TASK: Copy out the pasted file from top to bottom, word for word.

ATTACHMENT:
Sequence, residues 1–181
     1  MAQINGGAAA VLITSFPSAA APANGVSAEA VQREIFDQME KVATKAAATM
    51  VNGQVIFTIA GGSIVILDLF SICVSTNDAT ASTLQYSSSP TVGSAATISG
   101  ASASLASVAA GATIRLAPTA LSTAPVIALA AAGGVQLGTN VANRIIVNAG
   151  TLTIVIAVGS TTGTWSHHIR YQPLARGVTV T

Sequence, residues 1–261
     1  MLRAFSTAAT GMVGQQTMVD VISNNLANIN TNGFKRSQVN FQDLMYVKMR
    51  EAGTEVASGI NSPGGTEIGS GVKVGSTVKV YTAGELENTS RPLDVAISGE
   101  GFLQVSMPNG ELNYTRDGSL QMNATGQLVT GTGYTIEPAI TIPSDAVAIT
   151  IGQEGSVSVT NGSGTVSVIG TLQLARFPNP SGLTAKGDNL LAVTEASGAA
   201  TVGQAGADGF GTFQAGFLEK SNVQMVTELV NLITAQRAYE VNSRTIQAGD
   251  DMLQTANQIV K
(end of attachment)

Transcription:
Sequence, residues 1–181
     1  MAQINGGAAA VLITSFPSAA APANGVSAEA VQREIFDQME KVATKAAATM
    51  VNGQVIFTIA GGSIVILDLF SICVSTNDAT ASTLQYSSSP TVGSAATISG
   101  ASASLASVAA GATIRLAPTA LSTAPVIALA AAGGVQLGTN VANRIIVNAG
   151  TLTIVIAVGS TTGTWSHHIR YQPLARGVTV T

Sequence, residues 1–261
     1  MLRAFSTAAT GMVGQQTMVD VISNNLANIN TNGFKRSQVN FQDLMYVKMR
    51  EAGTEVASGI NSPGGTEIGS GVKVGSTVKV YTAGELENTS RPLDVAISGE
   101  GFLQVSMPNG ELNYTRDGSL QMNATGQLVT GTGYTIEPAI TIPSDAVAIT
   151  IGQEGSVSVT NGSGTVSVIG TLQLARFPNP SGLTAKGDNL LAVTEASGAA
   201  TVGQAGADGF GTFQAGFLEK SNVQMVTELV NLITAQRAYE VNSRTIQAGD
   251  DMLQTANQIV K